July 2, 2024

A Pennsylvania court received a 16-page class action lawsuit against a company that furnishes tenant screening reports. The lawsuit alleged that the company provided outdated or incorrect information to landlords.

The suit described how the company sells the data it collects and compiles about consumers. Property managers or individuals leasing properties typically purchase these records and use them when choosing prospective tenants. The lawsuit also contends that the tenant screening company purchases incomplete, condensed information from third-party vendors.

This claim means they do not contact government offices and courthouses for updated data. Government offices and courthouses regularly update their records, such as withdrawn, satisfied, dismissed, and vacated eviction cases. These claims emphasized how the company offering tenant screening services delivers incomplete summaries. According to the complaint, the defendant knew and understood that its vendor regularly made mistakes when providing summarized information. As such, the defendant knew that the reports did not always offer updated information.

Additionally, the lawsuit contends that the company did not check official court documents when obtaining information. Instead, the company routinely published criminal records with no convictions and records over seven years old. These actions violated the Fair Credit Reporting Act (FCRA), which also requires companies that provide this type of information to ensure the maximum accuracy possible.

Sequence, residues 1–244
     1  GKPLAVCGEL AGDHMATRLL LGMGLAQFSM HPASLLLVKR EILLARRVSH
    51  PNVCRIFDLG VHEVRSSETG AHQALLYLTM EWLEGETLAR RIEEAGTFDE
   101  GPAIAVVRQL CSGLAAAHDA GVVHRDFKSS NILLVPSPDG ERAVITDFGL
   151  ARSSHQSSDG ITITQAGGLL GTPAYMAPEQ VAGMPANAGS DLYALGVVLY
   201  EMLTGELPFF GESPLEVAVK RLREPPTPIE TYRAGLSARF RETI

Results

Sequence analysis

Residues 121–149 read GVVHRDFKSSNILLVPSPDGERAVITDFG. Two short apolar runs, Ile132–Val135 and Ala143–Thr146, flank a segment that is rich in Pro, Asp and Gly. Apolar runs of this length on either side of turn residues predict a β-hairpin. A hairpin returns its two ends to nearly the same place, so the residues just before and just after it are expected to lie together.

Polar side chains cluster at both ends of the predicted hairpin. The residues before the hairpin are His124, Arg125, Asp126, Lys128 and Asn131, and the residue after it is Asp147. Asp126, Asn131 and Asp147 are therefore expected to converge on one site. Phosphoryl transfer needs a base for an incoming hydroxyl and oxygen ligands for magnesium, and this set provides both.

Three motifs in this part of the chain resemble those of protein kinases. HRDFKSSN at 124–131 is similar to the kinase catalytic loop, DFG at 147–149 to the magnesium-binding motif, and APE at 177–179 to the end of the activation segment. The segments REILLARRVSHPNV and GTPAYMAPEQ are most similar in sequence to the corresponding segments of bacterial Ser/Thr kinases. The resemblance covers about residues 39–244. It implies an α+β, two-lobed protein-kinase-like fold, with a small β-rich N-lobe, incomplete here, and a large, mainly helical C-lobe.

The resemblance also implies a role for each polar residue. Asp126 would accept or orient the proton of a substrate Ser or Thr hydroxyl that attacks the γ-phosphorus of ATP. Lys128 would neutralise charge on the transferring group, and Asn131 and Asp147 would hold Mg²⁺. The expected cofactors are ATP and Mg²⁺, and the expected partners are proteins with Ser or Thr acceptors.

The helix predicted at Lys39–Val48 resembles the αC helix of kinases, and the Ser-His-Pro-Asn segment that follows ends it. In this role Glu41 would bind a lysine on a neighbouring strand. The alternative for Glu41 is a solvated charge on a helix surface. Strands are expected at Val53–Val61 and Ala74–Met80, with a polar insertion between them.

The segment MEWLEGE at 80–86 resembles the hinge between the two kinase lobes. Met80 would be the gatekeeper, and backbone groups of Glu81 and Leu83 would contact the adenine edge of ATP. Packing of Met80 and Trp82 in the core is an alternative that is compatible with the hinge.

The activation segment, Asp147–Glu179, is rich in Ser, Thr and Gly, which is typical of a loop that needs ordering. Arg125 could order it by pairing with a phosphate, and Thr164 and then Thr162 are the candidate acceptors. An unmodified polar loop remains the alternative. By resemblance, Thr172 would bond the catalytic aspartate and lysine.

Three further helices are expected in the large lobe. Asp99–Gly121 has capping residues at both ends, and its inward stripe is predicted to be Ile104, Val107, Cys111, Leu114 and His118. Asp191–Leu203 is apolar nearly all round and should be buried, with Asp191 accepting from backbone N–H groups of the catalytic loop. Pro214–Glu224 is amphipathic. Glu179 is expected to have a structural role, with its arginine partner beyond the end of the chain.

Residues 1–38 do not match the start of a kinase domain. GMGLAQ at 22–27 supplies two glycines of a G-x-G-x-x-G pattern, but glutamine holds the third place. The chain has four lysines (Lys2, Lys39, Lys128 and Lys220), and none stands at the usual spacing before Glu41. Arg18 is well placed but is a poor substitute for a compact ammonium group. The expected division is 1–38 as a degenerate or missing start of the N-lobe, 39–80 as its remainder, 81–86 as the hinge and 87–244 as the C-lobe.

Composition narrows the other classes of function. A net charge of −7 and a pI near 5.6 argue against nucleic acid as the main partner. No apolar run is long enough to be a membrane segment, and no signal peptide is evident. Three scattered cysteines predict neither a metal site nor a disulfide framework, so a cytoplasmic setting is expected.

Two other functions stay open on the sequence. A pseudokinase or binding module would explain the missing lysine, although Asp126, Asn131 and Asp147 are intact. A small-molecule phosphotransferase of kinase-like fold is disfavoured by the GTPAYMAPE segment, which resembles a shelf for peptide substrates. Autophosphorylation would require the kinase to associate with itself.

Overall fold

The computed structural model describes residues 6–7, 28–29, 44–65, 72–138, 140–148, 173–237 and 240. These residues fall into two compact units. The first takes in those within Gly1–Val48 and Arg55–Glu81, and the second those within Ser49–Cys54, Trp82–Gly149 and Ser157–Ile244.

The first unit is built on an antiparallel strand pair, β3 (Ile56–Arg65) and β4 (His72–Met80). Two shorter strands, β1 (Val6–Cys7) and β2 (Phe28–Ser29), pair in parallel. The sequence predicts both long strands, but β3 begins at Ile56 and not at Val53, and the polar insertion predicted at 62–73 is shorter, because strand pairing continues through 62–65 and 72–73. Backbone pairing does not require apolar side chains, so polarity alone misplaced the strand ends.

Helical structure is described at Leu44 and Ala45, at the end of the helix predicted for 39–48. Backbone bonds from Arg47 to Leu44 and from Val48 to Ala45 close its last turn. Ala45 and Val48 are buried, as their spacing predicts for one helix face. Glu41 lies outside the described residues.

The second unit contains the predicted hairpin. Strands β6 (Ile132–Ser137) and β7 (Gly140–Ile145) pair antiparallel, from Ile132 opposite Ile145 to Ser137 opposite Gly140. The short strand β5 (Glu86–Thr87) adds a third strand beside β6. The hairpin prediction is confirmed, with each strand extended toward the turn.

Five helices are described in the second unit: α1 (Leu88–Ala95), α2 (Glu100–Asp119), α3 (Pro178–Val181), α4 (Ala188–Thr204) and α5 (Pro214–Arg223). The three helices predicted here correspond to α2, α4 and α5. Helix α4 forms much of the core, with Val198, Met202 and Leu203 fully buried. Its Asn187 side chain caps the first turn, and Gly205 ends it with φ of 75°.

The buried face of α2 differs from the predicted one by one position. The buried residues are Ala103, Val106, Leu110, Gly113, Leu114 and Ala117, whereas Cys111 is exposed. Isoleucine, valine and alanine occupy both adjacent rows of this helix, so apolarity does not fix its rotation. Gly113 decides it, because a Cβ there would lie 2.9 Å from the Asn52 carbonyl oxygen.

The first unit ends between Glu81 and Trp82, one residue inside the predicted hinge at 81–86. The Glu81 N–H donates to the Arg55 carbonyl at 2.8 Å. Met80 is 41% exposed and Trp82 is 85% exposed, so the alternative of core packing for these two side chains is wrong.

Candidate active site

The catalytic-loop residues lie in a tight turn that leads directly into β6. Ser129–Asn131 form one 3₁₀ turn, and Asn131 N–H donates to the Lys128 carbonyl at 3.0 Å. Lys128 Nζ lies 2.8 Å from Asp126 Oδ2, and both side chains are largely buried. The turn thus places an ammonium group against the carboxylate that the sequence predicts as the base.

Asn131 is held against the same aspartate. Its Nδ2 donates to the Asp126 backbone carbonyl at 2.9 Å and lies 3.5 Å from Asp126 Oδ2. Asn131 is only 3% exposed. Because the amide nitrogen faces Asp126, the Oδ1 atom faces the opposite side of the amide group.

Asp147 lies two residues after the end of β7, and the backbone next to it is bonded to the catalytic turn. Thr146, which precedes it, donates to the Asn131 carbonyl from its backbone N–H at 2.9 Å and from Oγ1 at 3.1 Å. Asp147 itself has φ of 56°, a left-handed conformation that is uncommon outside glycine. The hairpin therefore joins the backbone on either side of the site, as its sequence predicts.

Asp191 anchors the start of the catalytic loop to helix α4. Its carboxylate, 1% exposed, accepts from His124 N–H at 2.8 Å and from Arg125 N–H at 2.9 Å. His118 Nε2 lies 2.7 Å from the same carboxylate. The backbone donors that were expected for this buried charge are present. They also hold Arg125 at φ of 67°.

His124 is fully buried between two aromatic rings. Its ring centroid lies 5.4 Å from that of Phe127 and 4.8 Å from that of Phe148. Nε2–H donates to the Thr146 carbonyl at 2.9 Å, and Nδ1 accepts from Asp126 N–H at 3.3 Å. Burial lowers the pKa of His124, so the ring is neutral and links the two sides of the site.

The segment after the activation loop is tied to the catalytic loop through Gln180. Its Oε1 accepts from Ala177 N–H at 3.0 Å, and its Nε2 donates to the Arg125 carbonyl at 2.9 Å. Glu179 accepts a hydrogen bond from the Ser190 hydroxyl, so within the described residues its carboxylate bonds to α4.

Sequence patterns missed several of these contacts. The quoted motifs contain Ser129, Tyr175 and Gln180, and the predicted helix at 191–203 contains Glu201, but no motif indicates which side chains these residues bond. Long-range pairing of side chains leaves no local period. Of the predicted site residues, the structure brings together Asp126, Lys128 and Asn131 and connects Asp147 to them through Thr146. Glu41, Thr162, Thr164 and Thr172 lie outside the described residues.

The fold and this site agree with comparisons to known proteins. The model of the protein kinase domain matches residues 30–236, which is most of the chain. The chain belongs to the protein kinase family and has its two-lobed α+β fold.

The original plaintiff explained how she received a rejection after applying to rent a home. This rejection happened due to two outdated pieces of information: Inaccurate data about an eviction and a criminal record over seven years old that did not result in a conviction. As such, the plaintiff suffered emotional distress and damage to her reputation. She emphasized how these damages occurred due to “inaccurate and defamatory reporting.”

The lawsuit would represent people in the U.S. or its territories impacted by the defendant’s screening reports within the last five years. Such impacts include evictions that the company did not provide details on. The company should have included whether the action reached an agreement, withdrawal, dismissal, or resulted in a tenant-favored judgment.

The suit may also represent others harmed by the company’s negligence. For example, those who suffered when the company submitted outdated reports to third parties, such as information over seven years old. Another example concerns criminal records that do not include a reported conviction. Finally, the lawsuit could represent anyone who requested information from the company within the last five years. It would cover those who received a communication that “did not identify the original and any intermediate vendor source(s) from which the company obtained the public record information referenced in  the communication.”

Information provided here is for educational and informational purposes only and should not constitute as legal advice. We recommend you contact your own legal counsel for any questions regarding your specific practices and compliance with applicable laws.